•        METHODOLOGY

Since the anthropocentric period, many philosophers have devised methods in the study of man: Edmund Husserl’s transcendental phenomenology, Boros dialogical interpretation, Marcel’s analytical method and others.

It is my intention to adopt Marcel’s analytical, expository and practical method in the course of this study.  Consequently, this work is made up of four chapters.

Chapter one deals with general introduction with an over-view of Gabriel’s life and philosophy.

The second chapter will examine properly, Marcel’s significant I-Thou, I-absolute Thou, Notion of mystery and idea of problem and the existentialist’s approach to I-Thou.

Chapter three dwells on other aspects of I-Thou, such as Fidelity, Hope and Love; man in the functionalized and technological world, and lastly presence as inter-subjective relationship.

The last chapter (four) centers on the evaluation and conclusion of the work. It suggests an alternative to genuine contemporary relationship.  Then comes the Bibliography.


A general remark about Gabriel’s life and philosophy makes it easier to understand his ideologies clearer.  Copleston  calls him:

A peculiar elusive thinker, a philosopher whom it is extremely difficult to summarize.2

Born in Paris, in 1889, and was brought up in a well-off family of civil servant.  He lost his mother when he was only four years old and was privileged to be raised by an aunt whose physical presence juxtaposed with his dead mother’s spiritual presence, and this influenced his concept of creative fidelity.  He worked for the Red Cross during the First World War. This experience shaped his view of human relationship and confirmed a religious conviction by which he was converted to Catholicism in 1929.3  Marcel regretted the agnosticism of his father who was brought up as a Catholic, and had ceased practicing his religion at an early age and had taken the position of the late nineteenth century agnostics.4  Raised therefore in a home dominated by the cultural agnosticism of his father and the liberal Moralistic Protestantism of his aunt, Gabriel saw and confirmed that he was not living an authentic life.  Not minding his delicate health situation, he endured  unhappy and lonely home life.  It is therefore not surprising the emphasis on “the other” and the desire and need of Love, Friendship and Fidelity in him as a life-long quest.

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Lescoe, quoting Marcel, recounts how he (Marcel) had observed to him,

Nothing is lost for a man – I am convinced of this and firmly believe it, if he experiences a great love or a true friendship: But everything is lost for the one who is alone.5

The nostalgic memories of the past preceded his relational philosophy of commitment, the I-Thou. He insisted that to be genuine in our interpersonal relationship we must be totally and unreservedly available to the other.6  He left behind a plethora of works among which are: Being and Having 1965, creative fidelity 1964, the mystery-of Being, reflection and mystery, the philosophy of existentialism, 1968 and many dramatic works.

As a matter of fact, he provides us with a full and undespairing zeal in participating in the world with the interest of the other at heart.  He therefore, summons people to be available (disponibilite) a stance best manifested in absolute fidelity or commitment to a “thou”.

In his work, we understand the fact that he is a personal thinker in the sense that he reflects on the personal experiences he had and which was very special to him. Those experiences formed the nucleus of his philosophical discourse on this “I – Thou” relationship. As a philosopher of his time, he reflects on experiences such as love, hope, presence and fidelity.   According to Copleston:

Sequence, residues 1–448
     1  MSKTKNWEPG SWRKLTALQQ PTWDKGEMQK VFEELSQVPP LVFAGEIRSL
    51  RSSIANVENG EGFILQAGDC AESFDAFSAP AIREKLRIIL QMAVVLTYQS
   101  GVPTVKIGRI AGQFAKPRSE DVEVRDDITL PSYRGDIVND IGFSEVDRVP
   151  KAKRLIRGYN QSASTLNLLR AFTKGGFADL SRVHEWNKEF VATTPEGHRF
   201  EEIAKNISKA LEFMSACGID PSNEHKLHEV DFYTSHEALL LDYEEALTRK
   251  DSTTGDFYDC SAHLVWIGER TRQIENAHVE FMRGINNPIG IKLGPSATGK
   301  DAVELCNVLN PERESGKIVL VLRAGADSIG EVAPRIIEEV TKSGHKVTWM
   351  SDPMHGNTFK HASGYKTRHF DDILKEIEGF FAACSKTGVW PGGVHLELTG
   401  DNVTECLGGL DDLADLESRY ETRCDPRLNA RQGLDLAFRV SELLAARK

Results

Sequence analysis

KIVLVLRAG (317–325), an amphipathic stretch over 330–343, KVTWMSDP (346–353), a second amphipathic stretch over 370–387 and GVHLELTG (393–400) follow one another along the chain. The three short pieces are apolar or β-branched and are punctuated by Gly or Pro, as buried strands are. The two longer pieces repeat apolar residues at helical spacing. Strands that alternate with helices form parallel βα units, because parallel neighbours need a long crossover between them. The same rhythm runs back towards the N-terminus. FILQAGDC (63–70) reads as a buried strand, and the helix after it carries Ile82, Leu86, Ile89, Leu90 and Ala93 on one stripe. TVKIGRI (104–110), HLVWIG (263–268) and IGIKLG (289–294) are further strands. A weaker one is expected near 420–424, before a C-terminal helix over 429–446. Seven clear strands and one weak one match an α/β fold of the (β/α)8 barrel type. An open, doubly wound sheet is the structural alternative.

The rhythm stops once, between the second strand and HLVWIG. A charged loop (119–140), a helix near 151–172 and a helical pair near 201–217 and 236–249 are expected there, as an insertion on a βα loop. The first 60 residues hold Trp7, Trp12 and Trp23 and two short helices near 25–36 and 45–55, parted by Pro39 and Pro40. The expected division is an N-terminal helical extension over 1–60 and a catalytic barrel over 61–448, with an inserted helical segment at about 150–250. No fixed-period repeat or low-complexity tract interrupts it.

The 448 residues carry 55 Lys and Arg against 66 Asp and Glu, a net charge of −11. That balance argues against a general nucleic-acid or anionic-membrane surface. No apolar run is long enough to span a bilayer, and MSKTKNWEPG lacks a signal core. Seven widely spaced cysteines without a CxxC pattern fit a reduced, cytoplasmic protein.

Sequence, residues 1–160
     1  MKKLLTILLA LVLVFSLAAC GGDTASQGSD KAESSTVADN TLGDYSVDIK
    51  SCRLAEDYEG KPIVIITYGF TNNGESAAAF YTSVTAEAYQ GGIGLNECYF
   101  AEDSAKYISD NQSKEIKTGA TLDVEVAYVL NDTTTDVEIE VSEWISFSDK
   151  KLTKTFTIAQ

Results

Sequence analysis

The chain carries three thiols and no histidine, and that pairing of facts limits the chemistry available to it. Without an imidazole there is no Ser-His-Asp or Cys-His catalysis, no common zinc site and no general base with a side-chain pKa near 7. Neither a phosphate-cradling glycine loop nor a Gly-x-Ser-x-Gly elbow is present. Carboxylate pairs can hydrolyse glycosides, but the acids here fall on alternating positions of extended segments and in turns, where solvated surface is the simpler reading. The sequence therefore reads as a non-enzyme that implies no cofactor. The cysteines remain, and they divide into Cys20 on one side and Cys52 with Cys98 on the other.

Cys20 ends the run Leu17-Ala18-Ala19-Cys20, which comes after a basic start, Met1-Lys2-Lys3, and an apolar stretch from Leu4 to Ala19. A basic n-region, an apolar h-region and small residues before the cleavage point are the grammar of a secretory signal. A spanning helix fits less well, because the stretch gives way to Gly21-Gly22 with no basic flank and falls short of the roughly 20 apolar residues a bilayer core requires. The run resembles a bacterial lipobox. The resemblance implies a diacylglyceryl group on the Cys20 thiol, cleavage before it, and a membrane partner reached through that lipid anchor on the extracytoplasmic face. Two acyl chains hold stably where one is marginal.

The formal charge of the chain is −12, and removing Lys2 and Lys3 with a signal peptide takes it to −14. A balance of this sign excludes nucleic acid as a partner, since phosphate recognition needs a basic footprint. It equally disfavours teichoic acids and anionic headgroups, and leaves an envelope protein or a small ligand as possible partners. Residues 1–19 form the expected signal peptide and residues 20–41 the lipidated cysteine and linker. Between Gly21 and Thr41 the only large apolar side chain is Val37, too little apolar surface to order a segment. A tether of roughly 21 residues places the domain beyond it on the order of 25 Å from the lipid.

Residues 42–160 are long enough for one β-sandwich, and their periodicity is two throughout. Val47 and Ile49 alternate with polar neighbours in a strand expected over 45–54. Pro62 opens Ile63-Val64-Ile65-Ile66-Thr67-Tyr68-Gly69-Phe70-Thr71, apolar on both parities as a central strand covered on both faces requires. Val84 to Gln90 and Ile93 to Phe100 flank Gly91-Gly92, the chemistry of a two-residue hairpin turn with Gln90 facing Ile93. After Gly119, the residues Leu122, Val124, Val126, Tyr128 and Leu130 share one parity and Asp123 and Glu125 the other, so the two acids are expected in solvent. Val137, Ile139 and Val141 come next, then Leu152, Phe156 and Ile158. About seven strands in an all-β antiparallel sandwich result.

This reflections of him do not take the form of exposing “results,” they are rather a series of explorations of various themes.7

He distinguishes two modes of thoughts, primary and secondary reflection.  On the primary reflection, objectification and idea of problem “go together”: Here we have a problem – solving thinking that aims at knowledge which is universal, abstract and verifiable, excluding thereby the personal, the particular and the contingent aspect of thoughts as being irrelevant to its purposes.  As such, it involves only a partial relation between the thinker and his object.  Marcel’s second reflection is not concerned with a “problem” but with a mystery.  The second reflection therefore, and the notion of “mystery go together”.8  It is such that seeks a wider and richer understanding of the meaning of human existence by a return to the unity of experiences within which the mystery of being is apprehended.  Primary reflection exemplifies itself in objectification, the problematic I-it relationship, which reduces a person to mere object.  While secondary reflection entails participation, the mysterious and I-Thou relationship-the level and realm, which illuminate authentic human existence.

Above all, the basis of Marcel’s thought and ‘being’ cannot be an “I am” rather “we are.”9  Obviously, there cannot be a systematized summary of Marcel’s thought which can convey a wholesome spirit of him.




Existentialism has appeared as a philosophical reaction against the scientific humanism that prevailed in the early part of the nineteenth century.1 One could be correct not to call it a philosophy, but a type of philosophy.  It is so flexible that it appeared widely in differing forms, such as the atheism of Sartre, the Catholicism of Marcel, the Protestantism of Kierkegaard, the Judaism of Buber and the orthodoxy of Berdgaeu.2  The term “Existentialism” is more often used as a general name for a number of thinkers in the nineteenth and twentieth centuries who made the concrete individual central to their thought.  Just for this confidence, Omoregbe titled existentialism, ‘the most influential philosophical movement in this century’3 and suggest that it is better to describe it as a movement rather then as a school.  In a broader sense, it arose as a backlash against philosophy; such a relational critique on traditional philosophy that exalts the individual by concentrating on the profundity and potentialities of human action and dynamism.  Hegel’s abstractions and absolute idealism accord no importance to the individual man and the concrete realities of existence.  Thus, the existentialists made the individual man and his life experience, the central point of their philosophy in order to bring philosophy down to earth and make it bear on concrete human experiences.